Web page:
‘There’s kind of an intense feeling of stuckness.’
There’s a lot to love about Grand Concourse, Heidi Schreck’s heart-wrenching hit that is set to make its New England premiere at SpeakEasy Stage March 3.
Shelley is a nun at a crossroads who runs a soup kitchen in the Bronx. When Emma, a troubled teenager, begins volunteering, Shelley is forced to confront the limits of her faith and compassion.
It’s been a few years since Grand Concourse premiered, and now it’s kind of bouncing around the country. How does that feel?
It’s been thrilling, actually. Because I spent so much time with these characters, I have a great love for them, so just to see different people bring their sensibility to it has been really gratifying.
Shelley is a very interesting character. Would you say that she is questioning her faith, or is it that she’s beginning to entertain different perspectives?
I think maybe a little bit of both. At the beginning of the play, she doesn’t know what’s happening; there’s kind of an intense feeling of stuckness, and she doesn’t quite know where it’s coming from.
And then comes along Emma, who at first seems to buoy Shelley, but she ultimately becomes the straw that broke the camel’s back for Shelley in a lot of ways.
I agree with you, it’s the straw that breaks Shelly’s back; but also, I also feel like it kind of wakes Shelley up. My feeling always is that Emma actually does a great deal of good for Shelley even in the awfulness of some of the things she does.
Do you see Emma’s likeability as a hurdle for some audiences?
I mean, yes. [laughs] It’s been really interesting. The talkbacks for this show have been so fascinating and really exciting. People have very different reactions to Emma. It’s weird for me, maybe because I wrote her, but I have a lot more empathy and sympathy for Emma than I think some people do, and maybe that’s partially because I was kind of writing an extreme version of myself at 19. Obviously, I wasn’t that damaging, but I think I struggled with some of the things she struggles with including depression, inconstancy, and inability to keep commitments or uphold responsibilities. Which, I think, a lot of people do when they’re 19. It can be tricky, and it’s a very tricky role to play.
You know, I wrote down “Angels and Assholes” as a possible title for this article.
[laughs] I love that. Yeah, I like that a lot. When I was writing the play, I was at a wedding with my husband’s family, and one of his relatives was talking about a deceased relative and described him that way. I just loved the expression so much.
Frog, I guess we’ll say, is one of the patrons of the soup kitchen. I think it’s interesting that you wrote that he became a vegetarian to anger his parents. It’s the same kind of reason that Shelley became a nun. What are you trying to do there?
You caught me! I mean, some of the stuff is so unconscious, but I do think that, certainly in Shelley’s case, there’s this idea that she made this choice to be a nun at a very young age. You make a kind of reactionary choice and then find yourself living it out for decades before you start to examine where the choice really came from.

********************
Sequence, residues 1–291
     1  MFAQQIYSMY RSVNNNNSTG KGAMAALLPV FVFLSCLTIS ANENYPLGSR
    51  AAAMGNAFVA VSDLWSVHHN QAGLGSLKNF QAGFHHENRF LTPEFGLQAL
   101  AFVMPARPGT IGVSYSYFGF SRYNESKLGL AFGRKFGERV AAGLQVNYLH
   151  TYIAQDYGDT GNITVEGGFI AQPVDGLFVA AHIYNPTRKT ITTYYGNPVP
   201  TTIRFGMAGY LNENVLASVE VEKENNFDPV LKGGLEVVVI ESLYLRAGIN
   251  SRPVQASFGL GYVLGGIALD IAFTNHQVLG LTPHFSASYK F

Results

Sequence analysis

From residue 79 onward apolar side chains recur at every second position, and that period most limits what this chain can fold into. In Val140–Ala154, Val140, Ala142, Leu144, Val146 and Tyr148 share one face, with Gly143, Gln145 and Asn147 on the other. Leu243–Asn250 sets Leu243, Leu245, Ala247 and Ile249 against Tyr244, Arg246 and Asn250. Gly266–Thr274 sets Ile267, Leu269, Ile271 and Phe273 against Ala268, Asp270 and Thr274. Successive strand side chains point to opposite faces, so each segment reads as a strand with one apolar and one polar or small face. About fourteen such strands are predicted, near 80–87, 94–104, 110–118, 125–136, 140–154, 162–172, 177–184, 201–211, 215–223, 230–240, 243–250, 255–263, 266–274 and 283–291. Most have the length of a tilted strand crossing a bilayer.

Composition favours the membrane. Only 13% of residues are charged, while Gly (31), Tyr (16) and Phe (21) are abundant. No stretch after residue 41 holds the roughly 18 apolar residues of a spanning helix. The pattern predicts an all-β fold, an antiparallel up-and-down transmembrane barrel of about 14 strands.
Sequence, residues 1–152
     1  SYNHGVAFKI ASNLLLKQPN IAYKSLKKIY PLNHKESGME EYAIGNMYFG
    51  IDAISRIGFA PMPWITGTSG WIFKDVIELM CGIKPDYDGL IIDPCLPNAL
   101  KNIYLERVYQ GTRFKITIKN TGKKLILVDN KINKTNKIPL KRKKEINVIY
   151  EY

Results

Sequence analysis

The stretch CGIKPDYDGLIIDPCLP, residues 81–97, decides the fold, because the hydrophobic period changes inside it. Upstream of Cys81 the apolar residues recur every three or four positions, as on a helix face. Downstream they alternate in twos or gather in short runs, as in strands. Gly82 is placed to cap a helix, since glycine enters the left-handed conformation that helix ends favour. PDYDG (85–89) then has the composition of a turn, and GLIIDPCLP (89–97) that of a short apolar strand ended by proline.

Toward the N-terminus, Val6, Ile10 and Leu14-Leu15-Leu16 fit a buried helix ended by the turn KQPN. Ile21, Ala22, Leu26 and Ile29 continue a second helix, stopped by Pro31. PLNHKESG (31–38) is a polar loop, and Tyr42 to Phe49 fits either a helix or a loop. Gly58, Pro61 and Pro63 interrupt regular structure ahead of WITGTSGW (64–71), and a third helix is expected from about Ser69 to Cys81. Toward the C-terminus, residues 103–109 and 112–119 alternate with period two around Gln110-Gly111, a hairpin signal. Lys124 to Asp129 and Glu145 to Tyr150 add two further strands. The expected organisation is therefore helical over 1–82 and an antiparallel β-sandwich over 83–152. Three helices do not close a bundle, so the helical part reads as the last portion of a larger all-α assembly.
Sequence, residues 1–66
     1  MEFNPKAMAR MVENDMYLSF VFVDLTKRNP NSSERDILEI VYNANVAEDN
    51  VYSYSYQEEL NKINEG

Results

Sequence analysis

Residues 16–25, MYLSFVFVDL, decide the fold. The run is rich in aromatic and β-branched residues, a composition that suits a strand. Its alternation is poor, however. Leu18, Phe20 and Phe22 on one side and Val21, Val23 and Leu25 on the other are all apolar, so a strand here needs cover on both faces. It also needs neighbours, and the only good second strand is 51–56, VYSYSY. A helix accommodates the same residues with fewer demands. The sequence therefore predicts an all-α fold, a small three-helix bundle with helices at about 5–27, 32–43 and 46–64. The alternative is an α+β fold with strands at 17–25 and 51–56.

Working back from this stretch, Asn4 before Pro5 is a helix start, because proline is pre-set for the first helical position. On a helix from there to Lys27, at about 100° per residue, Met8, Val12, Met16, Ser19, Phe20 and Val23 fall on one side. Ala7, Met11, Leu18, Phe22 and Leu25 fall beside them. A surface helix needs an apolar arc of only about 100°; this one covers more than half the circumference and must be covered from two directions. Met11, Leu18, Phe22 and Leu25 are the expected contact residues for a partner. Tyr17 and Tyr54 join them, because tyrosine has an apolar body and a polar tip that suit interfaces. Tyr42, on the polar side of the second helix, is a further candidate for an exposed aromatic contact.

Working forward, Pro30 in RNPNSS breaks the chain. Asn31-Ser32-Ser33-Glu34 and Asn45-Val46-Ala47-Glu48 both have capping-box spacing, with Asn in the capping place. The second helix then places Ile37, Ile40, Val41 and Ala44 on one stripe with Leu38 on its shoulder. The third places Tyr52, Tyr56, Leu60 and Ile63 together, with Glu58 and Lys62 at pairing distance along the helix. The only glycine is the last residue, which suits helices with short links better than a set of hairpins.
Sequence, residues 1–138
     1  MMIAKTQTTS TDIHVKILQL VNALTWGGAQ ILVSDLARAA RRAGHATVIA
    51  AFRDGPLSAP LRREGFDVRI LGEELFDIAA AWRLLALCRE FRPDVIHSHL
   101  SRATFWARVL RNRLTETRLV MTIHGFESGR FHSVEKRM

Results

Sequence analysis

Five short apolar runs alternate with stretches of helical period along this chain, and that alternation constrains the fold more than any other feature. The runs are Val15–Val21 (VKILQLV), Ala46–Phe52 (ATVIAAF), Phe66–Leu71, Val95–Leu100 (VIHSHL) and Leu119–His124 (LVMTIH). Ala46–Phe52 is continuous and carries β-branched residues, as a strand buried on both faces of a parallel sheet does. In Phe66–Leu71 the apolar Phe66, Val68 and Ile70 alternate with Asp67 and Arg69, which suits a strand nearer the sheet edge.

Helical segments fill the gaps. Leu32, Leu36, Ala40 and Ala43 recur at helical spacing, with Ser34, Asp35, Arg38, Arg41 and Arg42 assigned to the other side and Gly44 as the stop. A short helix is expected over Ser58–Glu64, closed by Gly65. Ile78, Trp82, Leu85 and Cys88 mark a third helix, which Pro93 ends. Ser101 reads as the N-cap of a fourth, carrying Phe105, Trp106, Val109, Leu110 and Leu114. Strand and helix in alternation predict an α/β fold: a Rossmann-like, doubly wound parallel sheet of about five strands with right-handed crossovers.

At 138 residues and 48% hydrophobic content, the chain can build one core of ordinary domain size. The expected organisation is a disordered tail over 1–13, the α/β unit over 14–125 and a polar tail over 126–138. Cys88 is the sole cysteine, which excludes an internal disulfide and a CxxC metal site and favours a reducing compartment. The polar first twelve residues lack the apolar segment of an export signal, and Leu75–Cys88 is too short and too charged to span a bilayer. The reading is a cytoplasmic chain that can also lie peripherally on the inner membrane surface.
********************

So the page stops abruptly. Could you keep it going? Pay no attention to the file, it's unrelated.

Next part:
Both Emma and Frog are grappling with some kind of mental illness. Did you set out to consider mental illness in this play?
I think it was always present with me because I have people [with mental illness] in my life and I’ve worked in environments where people are struggling [with it]. And, let me be clear, there are plenty of forms where people are coping and don’t damage things and don’t hurt people. I, personally, was struggling with the question of “what do you do in a situation where you’re caring for someone who has a mental illness and they hurt you?” Like someone who loves an alcoholic. How one is supposed to process that or deal with it knowing that the person may not be totally in charge of their faculties. I find [it] a really compelling question.
And was that question the main impetus behind Grand Concourse, or did you kind of find your way there?
I think I found my way there. I didn’t have some big idea when I started the play. I didn’t know this when I was writing, but I do think, in retrospect, the bigger thing I was grappling with was this idea of forgiveness and what it actually means. I got to this point in my life where I realized that because of the way I’ve been raised and what I’ve been taught, forgiveness was my default setting. I got to a point where I didn’t understand what that actually meant, and a lot of the time I was just letting people walk all over me, or I was saying I forgave people but, really, I was just holding onto a great deal of rage. So, just realizing that I really had no fucking clue what it meant to actually forgive someone, so I think I was interested in that. And by the time I was done writing the play, the liberation that comes from Shelley realizing that she, for this moment, is not going to forgive, she doesn’t have to forgive, and whether or not she doesn’t have to, she just simply isn’t. It’s a really liberating moment and maybe would be the thing that would allow you to eventually find authentic forgiveness, whatever that means.
GRAND CONCOURSE. THROUGH 4.1 AT SPEAKEASY STAGE, 527 TREMONT ST., BOSTON. SPEAKEASYSTAGE.COM